At the grocery store the other day, I noticed all the labels on the packaged items, and thought, boy, wouldn't it be great if items in the produce department had their own labels, spelling out nutritional benefits and helpful bits of information? What tips for summer produce would I find?
This season means salsa time, and there's no such thing as salsa without cilantro. What interesting tidbits would be on the cilantro sign? Maybe it would be to avoid bunches with larger, older leaves, because they get a strong and unpleasant flavor. And when cooking with this herb, it's best to add it at the very end, as overcooking will muddy the tastes.
Another summer favorite is basil. Growers who use companion planting techniques know that basil is as useful in the garden as it is tasty. It helps tomatoes overcome diseases and ward off pests; it also encourages their growth and improves flavor. It naturally repels flies and mosquitoes, and when rubbed on insect bites, reduces itching and swelling. Remind customers to store fresh basil wrapped in a paper towel inside a plastic bag in the refrigerator to keep the leaves dry and protect them from wilting.
As for honeydew melons, they are always difficult to choose. Go for ones that are firm and weighty, with creamy color skin and a waxy feel to the rind. At room temperature, ripe honeydew exudes a pleasant fragrance. They are very high in sugar and continue to ripen after harvest.
What interesting things are there to know about zucchini? For one, it can keep up to eight months in the freezer. Grate fresh zucchini and measure it in two-cup allot?ments. Place in zip-close bags and freeze, so you can enjoy it all winter. But there's more: Some conventional growers use traps that contain cucurbitacin juices (naturally occurring juices in squash) and carbaryl (a toxic insecticide) to control cucumber beetles, a major pest for zucchini growers. Organic growers can't use this. They use floating row covers as a barrier between insects and plants, apply a heavy mulch to deter egg-laying in the soil, and plant perimeter trap crops to attract beetles away from the zucchini. (Make mine organic, please!)
Everybody loves raspberries—but do your customers know there are 200 species of raspberries that come in red, black, purple, amber or yellow? And with new varieties and production techniques, raspberry production now occurs on every continent except Antarctica, from the Arctic Circle to the tropics.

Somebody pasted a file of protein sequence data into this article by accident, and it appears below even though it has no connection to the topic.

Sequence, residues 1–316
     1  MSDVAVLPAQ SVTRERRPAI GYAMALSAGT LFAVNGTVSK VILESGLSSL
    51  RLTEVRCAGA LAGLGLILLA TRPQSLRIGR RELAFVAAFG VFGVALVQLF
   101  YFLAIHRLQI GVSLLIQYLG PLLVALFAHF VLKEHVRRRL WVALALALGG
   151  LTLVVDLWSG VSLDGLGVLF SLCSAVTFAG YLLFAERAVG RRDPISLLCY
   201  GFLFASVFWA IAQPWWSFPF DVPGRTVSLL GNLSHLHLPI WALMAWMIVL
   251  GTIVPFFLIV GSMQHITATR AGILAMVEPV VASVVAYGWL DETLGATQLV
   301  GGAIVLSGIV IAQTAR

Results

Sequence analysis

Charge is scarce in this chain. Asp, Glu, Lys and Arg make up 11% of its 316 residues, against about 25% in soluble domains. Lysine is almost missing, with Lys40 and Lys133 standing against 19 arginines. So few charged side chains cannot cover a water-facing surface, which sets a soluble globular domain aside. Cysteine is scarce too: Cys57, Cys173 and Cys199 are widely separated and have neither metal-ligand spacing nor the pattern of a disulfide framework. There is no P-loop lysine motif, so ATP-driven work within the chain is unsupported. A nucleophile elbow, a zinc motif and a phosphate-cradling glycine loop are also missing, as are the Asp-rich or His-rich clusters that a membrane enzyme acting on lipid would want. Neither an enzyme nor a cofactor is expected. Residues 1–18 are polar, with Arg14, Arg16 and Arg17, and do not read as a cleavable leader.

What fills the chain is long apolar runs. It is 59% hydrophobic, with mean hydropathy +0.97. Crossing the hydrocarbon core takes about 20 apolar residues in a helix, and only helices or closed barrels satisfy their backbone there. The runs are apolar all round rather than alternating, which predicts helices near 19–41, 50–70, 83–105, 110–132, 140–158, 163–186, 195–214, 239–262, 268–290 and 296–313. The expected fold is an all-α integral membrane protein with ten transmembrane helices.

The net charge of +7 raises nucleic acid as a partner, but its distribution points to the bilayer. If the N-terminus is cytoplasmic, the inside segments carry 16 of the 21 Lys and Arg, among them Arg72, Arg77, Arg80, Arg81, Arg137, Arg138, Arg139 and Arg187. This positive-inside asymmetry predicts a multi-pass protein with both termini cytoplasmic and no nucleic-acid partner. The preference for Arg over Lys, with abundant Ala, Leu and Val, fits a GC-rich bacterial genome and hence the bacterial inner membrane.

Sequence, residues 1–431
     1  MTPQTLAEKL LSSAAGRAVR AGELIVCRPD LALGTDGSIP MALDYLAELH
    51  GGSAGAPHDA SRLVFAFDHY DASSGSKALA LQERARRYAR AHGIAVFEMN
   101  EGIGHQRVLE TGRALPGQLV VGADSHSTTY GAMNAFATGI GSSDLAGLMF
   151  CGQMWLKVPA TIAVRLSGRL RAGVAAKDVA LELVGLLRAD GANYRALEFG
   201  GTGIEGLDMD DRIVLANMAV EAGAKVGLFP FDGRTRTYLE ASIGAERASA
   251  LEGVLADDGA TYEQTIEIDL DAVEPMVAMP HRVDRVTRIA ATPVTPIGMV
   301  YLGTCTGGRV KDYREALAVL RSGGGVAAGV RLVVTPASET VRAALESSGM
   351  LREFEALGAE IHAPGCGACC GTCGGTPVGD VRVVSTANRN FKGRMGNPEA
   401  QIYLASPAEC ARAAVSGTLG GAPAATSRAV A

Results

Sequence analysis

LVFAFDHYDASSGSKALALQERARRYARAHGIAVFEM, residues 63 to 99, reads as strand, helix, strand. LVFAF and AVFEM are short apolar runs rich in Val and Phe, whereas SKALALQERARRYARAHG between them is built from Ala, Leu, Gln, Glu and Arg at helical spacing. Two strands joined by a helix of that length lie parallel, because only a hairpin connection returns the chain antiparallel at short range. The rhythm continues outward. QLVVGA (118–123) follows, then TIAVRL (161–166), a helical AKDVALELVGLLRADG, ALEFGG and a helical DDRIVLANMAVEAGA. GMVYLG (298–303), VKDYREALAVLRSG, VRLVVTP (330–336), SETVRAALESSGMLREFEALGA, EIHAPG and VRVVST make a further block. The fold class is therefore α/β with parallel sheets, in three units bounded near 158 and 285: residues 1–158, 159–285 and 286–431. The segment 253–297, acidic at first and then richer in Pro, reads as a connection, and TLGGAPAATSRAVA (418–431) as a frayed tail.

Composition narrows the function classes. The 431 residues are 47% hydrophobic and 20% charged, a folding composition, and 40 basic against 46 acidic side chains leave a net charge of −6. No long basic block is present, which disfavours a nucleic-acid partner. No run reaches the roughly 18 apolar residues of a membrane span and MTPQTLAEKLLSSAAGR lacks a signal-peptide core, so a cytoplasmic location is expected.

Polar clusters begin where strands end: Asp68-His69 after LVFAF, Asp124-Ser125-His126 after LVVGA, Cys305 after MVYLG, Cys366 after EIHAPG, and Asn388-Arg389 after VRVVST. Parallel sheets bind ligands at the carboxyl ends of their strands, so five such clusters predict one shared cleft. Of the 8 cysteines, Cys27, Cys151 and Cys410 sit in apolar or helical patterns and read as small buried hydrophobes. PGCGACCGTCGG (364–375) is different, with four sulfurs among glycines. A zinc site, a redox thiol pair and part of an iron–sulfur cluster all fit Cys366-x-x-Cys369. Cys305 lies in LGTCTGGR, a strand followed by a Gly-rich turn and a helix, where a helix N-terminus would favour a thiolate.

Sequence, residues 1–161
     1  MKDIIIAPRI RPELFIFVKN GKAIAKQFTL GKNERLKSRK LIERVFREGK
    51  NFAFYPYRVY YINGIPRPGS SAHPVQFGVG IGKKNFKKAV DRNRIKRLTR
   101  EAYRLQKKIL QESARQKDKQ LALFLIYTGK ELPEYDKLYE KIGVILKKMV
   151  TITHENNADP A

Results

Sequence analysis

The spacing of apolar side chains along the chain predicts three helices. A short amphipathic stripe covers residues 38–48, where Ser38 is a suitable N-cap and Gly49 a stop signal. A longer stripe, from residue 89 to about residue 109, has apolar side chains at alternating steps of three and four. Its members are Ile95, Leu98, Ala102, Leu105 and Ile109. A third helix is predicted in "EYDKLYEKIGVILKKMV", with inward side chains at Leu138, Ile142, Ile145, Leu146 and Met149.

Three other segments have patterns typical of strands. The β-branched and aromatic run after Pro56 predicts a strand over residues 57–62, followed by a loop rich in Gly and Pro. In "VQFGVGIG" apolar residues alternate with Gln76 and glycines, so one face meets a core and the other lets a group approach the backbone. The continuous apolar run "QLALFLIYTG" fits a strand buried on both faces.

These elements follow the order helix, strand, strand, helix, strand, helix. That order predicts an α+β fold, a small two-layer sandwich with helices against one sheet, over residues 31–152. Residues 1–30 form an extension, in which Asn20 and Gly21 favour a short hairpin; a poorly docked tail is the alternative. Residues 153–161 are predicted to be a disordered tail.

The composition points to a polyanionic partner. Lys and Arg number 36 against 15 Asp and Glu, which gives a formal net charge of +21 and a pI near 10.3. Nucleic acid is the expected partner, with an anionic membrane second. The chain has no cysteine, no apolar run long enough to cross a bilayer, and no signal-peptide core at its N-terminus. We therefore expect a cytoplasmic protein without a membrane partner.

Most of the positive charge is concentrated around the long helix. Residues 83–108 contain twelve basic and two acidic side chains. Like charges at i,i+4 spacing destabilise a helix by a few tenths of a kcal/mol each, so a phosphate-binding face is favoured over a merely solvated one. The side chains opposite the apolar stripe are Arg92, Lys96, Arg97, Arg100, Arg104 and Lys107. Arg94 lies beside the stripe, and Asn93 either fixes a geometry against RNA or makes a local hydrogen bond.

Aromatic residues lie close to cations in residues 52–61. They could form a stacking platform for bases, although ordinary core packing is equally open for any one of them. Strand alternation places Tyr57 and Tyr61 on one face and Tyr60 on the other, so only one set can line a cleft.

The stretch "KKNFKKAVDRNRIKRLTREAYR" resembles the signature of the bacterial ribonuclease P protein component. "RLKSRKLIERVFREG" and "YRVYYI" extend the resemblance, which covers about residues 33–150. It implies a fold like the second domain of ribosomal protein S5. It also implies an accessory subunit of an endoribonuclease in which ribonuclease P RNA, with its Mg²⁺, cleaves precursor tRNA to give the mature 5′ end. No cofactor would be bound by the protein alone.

How about fresh blueberries? They should be plump and firm, blue to very deep blue with a slight frost color on the outside skin. This frosting, known as bloom, is a sign of freshness in many varieties. Blueberries can be stored tightly covered in the refrigerator for up to a week and should only be washed when ready to eat.
What's the story behind new potatoes?
A true new potato is freshly dug, harvested before reaching maturity, and is sold from late winter through midsummer. If customers find the new potatoes growing sprouts—which is what tubers do when they want to get back into the ground—it's nothing to worry about. Just advise customers to trim them off and store the potatoes in a cool, dark, well-ventilated place.
I've always wondered about seedless grapes, which aren't completely seedless. They contain barely noticeable, undeveloped seeds called seed traces. All grapevines are produced from cuttings taken from mature vines. The variability that goes with this process means some grapevines produce fruit with seed traces that are smaller or larger than others. No one knows when the first seedless grape occurred, but we know they've grown in the Middle East for several thousand years.
Although we'll likely never read these useful pieces of information about produce on a nutritional label any time soon, you can inform your customers about these facts while they shop at your store. On cards above your produce displays or in-person from one of your employees, this is the kind of info customers are craving—and it'll likely have them coming back for more.
Mark Mulcahy runs Organic Options, an organic education and produce consulting firm. Contact him at 707.939.8355 or firstname.lastname@example.org.